Unsurprisingly, the outbreak of protests has stunned journalists and scholars. In their frenzy to find palatable explanations for something that they had never expected to witness, the framework used by commentators has been drawn from pro-market and liberal interpretation of the 2010-11 Arab uprisings. According to this perspective, what is happening today is an example of a clash between the people – represented as a unique and organic body – and a corrupted, mafia-style, and patronage-based regime.
Exactly because the latter is represented as authoritarian, prevalently in favour of a state-led economy in which only crony and well-connected capitalists can gain access to the spoil of the system, protests have to be pro-democratic, in the liberal meaning of the term, and supportive of the free market. The quintessential element of such a picture is president Bouteflika. In a country in which almost 70 percent of the population is aged below 30, an ageing and ill man, forced to use a wheelchair after a stroke in 2013 and almost completely invisible to the public for the last 6 years, requesting a new mandate in elections.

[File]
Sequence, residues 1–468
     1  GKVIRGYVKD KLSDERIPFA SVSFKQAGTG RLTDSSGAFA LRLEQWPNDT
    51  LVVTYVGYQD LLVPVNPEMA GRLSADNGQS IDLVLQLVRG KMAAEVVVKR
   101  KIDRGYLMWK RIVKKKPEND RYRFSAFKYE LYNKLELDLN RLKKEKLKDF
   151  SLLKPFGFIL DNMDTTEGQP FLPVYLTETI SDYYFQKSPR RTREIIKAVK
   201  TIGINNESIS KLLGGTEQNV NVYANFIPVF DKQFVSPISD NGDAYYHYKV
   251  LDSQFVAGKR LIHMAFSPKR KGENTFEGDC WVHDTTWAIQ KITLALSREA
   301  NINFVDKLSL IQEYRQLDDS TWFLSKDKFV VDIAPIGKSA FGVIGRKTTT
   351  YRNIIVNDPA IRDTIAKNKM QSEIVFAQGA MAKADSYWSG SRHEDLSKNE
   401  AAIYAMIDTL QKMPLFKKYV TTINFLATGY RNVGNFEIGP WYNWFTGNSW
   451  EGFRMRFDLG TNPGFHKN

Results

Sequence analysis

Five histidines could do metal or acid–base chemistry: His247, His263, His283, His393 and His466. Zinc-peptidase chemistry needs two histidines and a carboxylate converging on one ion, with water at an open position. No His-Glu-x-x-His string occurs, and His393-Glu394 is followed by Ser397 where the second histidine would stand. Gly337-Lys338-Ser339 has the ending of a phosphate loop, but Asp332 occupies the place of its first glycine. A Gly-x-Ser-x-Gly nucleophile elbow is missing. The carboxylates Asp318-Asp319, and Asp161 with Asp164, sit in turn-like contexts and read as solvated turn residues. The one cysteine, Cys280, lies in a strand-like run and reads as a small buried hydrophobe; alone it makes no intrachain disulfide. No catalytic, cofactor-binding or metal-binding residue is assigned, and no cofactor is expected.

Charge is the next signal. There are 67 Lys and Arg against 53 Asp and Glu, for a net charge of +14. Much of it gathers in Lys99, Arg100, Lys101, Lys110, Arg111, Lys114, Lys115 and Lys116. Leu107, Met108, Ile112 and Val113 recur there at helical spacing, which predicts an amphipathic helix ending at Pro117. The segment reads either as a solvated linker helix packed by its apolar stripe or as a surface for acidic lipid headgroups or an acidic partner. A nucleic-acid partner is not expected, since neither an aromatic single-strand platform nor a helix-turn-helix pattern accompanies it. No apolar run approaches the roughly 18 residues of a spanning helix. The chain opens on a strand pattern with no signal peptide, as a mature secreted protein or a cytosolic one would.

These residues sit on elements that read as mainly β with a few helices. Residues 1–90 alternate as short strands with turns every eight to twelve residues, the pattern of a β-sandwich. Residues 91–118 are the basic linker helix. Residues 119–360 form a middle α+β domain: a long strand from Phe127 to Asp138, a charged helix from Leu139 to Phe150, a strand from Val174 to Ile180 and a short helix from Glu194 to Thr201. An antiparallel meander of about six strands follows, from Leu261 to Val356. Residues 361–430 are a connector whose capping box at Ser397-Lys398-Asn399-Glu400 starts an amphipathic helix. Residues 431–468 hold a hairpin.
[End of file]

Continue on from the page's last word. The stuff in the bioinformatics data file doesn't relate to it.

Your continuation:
Yet, although Bouteflika’s decision to run for a fifth term represents the triggering mechanism, the storm that is hitting Algeria now has been long in the making. The cycle of protests has speeded up markedly since 2013. This has mainly been the outcome of action by three groups. Firstly, public sector workers employed in the education and health sectors, organised through independent trade unions. Secondly, the lower classes of the south of the country, the area in which gas and oil resources are most concentrated, but constantly marginalised in economic, social and political terms by the elites of the coast. Thirdly and finally, blue-collar workers in the heavy industrialised area of Rouïba, not far away from the capital Algiers. Mobilisations by these groups have created a culture of protest, producing several important breaks in the regime’s authoritarian domination. This, in turn, opened up space for today’s protest movement, as the political opposition has capitalised on the momentum created by social protests.